NEW MADRID, Mo. – After an electrical circuit failure incident in recent weeks, shutting 2 of 3 smelting pot lines down, Noranda Aluminum announced Wednesday will be laying off 480 employees by February 4.
Nearly 1,000 Missourians are currently employed by the smelter.
The layoffs are in response to the continuing decrease in aluminum prices and the idling pot lines.
“These actions reflect our intense focus on managing cash and available liquidity in a especially challenging business environment for our integrated upstream business,” said Layla K. “Kip” Smith, Noranda’s president and chief executive officer. “While managing through an extended aluminum price trough, our upstream business has recently faced additional operational and commercial challenges. These challenges include the idling of two pot lines at New Madrid, an unfavorable arbitration panel ruling regarding a bauxite production levy in Jamaica, and the bankruptcy filing by our principal third party bauxite customer. While the actions we’ve announced today are difficult, they are a necessary response to our current challenges as we proactively pursue other measures to reduce our costs in the upstream business.”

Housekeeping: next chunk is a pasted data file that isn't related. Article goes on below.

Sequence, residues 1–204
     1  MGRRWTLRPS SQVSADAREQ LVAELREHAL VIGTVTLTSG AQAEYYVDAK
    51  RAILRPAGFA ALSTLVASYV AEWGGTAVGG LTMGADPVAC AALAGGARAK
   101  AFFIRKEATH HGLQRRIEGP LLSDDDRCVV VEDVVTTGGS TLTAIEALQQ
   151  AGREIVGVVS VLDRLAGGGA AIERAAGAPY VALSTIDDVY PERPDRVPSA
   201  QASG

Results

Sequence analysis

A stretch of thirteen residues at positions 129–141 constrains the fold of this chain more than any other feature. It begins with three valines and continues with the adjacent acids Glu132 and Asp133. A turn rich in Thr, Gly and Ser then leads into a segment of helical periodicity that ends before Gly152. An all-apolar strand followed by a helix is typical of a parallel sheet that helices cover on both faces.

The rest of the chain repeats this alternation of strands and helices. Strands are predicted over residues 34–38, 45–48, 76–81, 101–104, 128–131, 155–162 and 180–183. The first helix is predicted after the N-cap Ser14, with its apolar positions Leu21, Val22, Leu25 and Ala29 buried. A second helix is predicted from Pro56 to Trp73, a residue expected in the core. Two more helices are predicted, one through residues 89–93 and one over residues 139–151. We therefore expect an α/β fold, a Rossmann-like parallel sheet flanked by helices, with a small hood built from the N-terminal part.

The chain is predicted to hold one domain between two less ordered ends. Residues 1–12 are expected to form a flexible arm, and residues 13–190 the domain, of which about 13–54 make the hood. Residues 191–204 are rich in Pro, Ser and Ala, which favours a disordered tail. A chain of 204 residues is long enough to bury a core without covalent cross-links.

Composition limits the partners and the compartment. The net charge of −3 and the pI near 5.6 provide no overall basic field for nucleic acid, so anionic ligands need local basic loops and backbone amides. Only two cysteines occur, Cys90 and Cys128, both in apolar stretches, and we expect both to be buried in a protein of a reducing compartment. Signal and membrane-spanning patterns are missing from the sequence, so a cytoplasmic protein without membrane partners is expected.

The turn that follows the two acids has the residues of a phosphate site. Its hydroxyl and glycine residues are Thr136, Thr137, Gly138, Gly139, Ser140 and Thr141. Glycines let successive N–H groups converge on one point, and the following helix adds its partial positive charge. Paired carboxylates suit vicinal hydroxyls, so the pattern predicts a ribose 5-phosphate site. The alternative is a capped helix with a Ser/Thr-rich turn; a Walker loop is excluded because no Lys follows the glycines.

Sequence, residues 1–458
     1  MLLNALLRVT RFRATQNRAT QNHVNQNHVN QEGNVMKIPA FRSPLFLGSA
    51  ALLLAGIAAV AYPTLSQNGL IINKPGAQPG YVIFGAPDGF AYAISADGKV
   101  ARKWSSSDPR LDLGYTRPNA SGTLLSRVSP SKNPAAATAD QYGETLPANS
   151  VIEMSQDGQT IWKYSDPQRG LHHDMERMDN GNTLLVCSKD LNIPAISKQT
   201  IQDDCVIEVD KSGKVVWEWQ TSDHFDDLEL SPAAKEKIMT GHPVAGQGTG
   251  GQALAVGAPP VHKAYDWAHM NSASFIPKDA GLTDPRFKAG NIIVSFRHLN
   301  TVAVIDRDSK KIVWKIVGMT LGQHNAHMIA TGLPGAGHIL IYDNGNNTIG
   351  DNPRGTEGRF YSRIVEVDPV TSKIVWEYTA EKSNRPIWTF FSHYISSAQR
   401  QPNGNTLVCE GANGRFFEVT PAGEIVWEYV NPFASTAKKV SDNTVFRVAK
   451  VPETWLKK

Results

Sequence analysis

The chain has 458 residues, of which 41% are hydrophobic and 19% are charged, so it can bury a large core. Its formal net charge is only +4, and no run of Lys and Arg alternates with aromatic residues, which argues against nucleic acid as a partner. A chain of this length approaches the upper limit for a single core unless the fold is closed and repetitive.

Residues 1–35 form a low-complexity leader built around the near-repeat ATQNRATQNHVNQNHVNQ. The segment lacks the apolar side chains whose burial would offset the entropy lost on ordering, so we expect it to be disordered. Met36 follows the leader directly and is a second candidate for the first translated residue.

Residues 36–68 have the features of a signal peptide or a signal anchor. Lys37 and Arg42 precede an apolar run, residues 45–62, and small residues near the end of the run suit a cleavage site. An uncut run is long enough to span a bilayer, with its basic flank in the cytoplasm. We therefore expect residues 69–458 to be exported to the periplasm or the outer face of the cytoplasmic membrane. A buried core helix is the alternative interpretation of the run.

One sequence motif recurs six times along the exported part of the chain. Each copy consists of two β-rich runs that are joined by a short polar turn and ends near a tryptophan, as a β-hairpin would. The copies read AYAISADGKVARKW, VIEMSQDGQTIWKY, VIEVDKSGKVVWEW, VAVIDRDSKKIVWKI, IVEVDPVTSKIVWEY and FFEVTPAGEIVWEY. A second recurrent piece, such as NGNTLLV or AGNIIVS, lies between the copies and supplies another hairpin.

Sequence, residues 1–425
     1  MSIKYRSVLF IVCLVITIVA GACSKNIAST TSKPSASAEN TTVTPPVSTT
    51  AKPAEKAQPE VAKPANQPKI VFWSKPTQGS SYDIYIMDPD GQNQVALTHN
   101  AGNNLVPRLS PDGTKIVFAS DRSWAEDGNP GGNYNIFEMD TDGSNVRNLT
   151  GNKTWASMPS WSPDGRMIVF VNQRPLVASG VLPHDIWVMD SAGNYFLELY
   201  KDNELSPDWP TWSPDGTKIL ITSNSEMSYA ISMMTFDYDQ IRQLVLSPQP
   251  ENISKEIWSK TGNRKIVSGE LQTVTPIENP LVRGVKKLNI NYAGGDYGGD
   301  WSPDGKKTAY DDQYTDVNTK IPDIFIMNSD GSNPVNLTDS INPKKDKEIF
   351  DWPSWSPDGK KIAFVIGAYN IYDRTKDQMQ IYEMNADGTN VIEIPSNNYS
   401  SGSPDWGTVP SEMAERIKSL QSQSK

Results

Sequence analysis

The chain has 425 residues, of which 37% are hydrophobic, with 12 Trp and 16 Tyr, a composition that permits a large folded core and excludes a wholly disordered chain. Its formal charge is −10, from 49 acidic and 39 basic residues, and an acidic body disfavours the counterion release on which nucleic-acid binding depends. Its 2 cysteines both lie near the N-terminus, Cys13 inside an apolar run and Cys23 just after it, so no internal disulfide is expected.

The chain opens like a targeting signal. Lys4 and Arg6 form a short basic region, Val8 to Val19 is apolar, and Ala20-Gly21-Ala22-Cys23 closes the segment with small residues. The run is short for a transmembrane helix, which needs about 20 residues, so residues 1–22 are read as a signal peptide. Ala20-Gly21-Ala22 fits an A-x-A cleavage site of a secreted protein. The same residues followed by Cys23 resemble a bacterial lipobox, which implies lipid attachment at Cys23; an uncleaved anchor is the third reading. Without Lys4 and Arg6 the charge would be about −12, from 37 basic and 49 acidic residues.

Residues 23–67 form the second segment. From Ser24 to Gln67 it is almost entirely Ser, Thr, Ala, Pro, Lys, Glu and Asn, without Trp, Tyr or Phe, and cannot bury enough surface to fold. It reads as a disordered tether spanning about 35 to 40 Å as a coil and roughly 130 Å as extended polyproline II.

The layoffs will be done in rounds, with 190 being planned to be laid off prior to the January 7 electrical circuit failure. Noranda said the other 350 layoffs are necessary after the incident.
Smelter employees were also notified that the site’s remaining operations will be curtailed on or before March 12, 2016 unless the Company is able to secure a substantially more sustainable power rate for the smelter and materially improve the Company’s overall liquidity.
It is expected that Ameren UE will be approaching the Public Service Commission to ask for a rate increase due to the losing the revenue from Noranda.
Rachael Herndon was the editor at The Missouri Times and also produced This Week in Missouri Politics, published Missouri Times Magazine, and co-hosted the #MoLeg podcast. She joined The Missouri Times in 2014, returning to political reporting after working as a campaign and legislative staffer.
Rachael studied at the University of Missouri – Columbia. She lives in Jefferson City with her husband, Brandon, and their two children.